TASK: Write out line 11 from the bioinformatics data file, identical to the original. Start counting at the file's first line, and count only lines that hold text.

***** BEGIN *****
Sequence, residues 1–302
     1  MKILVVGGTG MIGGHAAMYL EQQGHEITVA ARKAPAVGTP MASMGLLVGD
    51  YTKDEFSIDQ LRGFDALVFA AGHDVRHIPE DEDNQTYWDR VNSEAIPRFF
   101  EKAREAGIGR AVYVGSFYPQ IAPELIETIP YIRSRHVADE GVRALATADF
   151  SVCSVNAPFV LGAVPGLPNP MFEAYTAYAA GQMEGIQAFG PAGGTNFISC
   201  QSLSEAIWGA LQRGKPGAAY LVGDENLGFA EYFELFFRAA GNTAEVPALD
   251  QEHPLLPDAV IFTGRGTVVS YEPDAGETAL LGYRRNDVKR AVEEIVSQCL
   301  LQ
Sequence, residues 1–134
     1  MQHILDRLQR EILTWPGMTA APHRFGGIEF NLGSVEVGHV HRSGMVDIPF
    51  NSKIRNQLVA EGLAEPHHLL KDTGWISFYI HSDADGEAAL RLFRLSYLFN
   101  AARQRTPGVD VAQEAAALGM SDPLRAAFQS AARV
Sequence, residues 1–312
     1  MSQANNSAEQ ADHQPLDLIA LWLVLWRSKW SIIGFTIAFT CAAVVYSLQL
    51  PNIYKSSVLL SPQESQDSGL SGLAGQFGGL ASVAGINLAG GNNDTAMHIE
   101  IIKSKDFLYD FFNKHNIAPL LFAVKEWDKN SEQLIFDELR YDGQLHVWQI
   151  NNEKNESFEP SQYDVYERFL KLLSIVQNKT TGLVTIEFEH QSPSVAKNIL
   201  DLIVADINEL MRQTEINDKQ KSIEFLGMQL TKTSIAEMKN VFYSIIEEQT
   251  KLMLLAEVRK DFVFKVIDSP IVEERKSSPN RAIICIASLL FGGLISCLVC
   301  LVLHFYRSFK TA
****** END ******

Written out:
    51  NSKIRNQLVA EGLAEPHHLL KDTGWISFYI HSDADGEAAL RLFRLSYLFN